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Speakers Spell Out Silica Dangers

The large crowd listens during the informational meeting at Our Lady Help of Christians Catholic Church last Saturday. (Photo by MICHAEL BOYD JR./Herald staff)



Steve Jeffrey, a St. Louis attorney, Dr. Kim Gordon of The Friends of Hawn State Park and Greg Nemec, a retired registered nurse, all shared concerns during Operation Sand, LLC’s community informational meeting Saturday.

The meeting, held a the Our Lady Help of Christians Church in Weingarten, was to get information spread and support built up to oppose a silica sand mining operation proposed by Nexgen Silica in northern Ste. Genevieve County.

The recently-organized Operation Sand had various hand-outs available and was even selling T-shirts opposing the sand mine.

Jeffrey, of Jeffrey Law Group, LLC, of Chesterfield, who had been chief counsel at the Missouri Department of Natural Resources under Governor John Ashcroft, 1987-1993, laid out public health concerns about the quartz-based silica sand and also went over legal issues.

He cited several studies made between 1980 and 2017 that outlined its danger to air quality. He compared the microscopic silica sand particles to tiny shards of glass.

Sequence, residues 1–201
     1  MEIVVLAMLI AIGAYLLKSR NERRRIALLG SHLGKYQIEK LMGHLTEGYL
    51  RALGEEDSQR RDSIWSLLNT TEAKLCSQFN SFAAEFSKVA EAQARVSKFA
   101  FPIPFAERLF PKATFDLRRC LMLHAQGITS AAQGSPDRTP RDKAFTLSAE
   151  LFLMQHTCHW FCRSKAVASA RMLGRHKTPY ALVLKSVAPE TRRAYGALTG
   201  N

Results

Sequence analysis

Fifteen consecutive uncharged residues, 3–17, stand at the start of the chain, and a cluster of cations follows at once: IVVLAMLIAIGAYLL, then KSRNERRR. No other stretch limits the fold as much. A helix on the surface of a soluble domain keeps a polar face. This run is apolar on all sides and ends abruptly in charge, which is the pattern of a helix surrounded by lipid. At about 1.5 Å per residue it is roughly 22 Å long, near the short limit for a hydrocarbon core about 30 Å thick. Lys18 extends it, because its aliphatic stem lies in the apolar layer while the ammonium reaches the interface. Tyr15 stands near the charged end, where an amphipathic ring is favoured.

It was later noted that, unlike beach sand or other types of sand on the surface, this sand has never been exposed to natural weathering or erosion. Therefore the edges of each particle remain sharp and pointy.

Jeffery cited studies that said the particles easily become airborne and can go up to half a mile from the edge of the mining property line. (See County Commission story for more details.)


He also argued that the types of soil in the area of the proposed mine are the types that generate a lot of water run-off. This threatens water supplies, he said.

Nemec and Gordon also stressed the water table dangers.

“When you mess with the water table, you’re messing with a lot of things,” Gordon said. He predicted that in the future, clean water may be “more precious than sand.”

Gordon stressed that no answers have been received on how the project might affect the water shed for the region.

He argued that tampering with the water table would “impact Ste. Genevieve for generations to come” and that “We don’t know a thing” as to what the impact of the operation could be.

Nemec argued that there is too much unknown abouit possible future health effects.

“You’ve got to think: What’s more important? The money or your children’s health?” Nemec said. “Do you want to see them 30 years old and have lung problems? That’s a long ways away, but it happened with asbestos and with other things we had o idea that it was going to be a problem.”